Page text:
These restructuring and alignment changes are meant, I think, to show potential investors that AMD is serious about improving its own finances by taking steps it had previously avoided. The Silver Lake deal may be on hold, but it wouldn’t surprise me if AMD is still shopping for an angel investor.
The last thing I want to talk about is K12 — or rather, the increasingly obvious lack thereof. During the conference call, AMD mentioned Zen repeatedly. When asked about Zen’s roadmap and prospects, Lisa Su had this to say: “In terms of long-term roadmap we are extremely committed to high performance x86 CPUs. And there should be no confusion on that point… it continues to be our number one priority for the company.”
Compare that statement against her remarks on the ARM business, when analysts asked when we should expect to see the Cortex-A57 in-market:
“I continue to believe ARM has a place in the datacenter both as you think about towards the convergence between networking storage and servers. I think it’s fair to say for all of us that it’s been slower to adopt in the server market just due to the some of the software and the infrastructure. Relative to Seattle we will be starting our first modest production shipments in the fourth quarter in this coming quarter this year. I view it as a longer-term bet, so no question that server market is attractive, datacenter is attractive, we’re very focused on it from an X86 standpoint and we’ll continue our ARM efforts in a complementary way.” (Emphasis added)
I’m increasingly convinced that K12 is either canceled or indefinitely delayed — and there may be good reasons for AMD to take this route. Ever since Keller left, AMD has fallen over itself to reassure people that Zen is finished, ready for prime time, and will launch in commercial volume in 2017. K12 hasn’t even gotten an official mention. With the PC market collapsing around its ears, AMD needs a product it can sell to a market that it knows exists. ARM servers may be a great play in the long-term, but there’s no short-term certainty in that space.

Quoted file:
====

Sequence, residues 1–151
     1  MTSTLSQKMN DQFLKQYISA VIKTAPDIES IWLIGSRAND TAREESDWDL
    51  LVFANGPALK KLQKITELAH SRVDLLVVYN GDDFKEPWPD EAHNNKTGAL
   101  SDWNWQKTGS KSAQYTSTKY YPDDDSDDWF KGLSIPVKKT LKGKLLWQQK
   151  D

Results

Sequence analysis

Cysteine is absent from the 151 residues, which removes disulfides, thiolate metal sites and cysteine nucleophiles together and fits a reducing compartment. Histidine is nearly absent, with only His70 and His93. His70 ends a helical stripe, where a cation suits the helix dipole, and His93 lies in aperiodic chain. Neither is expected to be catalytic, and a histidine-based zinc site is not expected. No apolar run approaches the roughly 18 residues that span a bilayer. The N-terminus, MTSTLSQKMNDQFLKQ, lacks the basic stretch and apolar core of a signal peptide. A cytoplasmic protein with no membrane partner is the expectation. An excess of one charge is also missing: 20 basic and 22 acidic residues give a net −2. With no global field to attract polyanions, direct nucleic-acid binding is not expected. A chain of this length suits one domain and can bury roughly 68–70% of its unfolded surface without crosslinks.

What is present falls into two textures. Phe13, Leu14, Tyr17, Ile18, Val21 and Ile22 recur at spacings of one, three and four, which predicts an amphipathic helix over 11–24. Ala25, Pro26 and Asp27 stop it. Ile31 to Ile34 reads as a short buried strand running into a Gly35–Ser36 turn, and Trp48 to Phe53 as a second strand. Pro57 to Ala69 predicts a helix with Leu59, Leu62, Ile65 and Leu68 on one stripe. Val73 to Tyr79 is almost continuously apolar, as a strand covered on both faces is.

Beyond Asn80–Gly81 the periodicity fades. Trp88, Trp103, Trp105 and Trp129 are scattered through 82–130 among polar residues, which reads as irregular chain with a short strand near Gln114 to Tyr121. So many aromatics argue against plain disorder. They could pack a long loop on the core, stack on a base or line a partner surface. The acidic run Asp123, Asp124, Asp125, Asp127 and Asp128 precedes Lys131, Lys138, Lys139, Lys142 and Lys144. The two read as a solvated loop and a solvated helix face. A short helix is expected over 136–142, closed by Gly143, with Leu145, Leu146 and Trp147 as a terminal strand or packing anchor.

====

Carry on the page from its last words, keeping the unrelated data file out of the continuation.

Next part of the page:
The fact that it takes 3-4 years to bring a new microprocessor design to market, even in the best-case situation, suggests that AMD made the decision to build K12 back in 2012, when the PC market was a very different place and its own revenues were much higher. At the time, the company obviously thought it could launch simultaneous new products in both the ARM and x86 space, capturing burgeoning demand for the new ISA and positioning itself to go toe-to-toe with Intel again in the high-end x86 market. With CPU revenue collapsing and the clock running out, AMD simply can’t afford to pour money into a server product for a market that won’t catch fire for several more years.
This is all supposition — I have no inside information on K12 or AMD’s long-term ARM plans — but I suspect the company wants to have Seattle available in case the ARM market starts to show signs of life, but has pulled resources away from the more-expensive custom efforts to focus on capturing market share in x86. For a company in AMD’s position, it’s a smart move.
AMD expects revenue to decrease 10% in Q4 2015, thanks to a seasonal decline in demand for semi-custom units. Compute and graphics revenue should increase sequentially, possibly offsetting some of that decline. The company made no remarks on its rumored R9 Fury X dual-GPU products, or on timetables for future GPU introductions in 2016.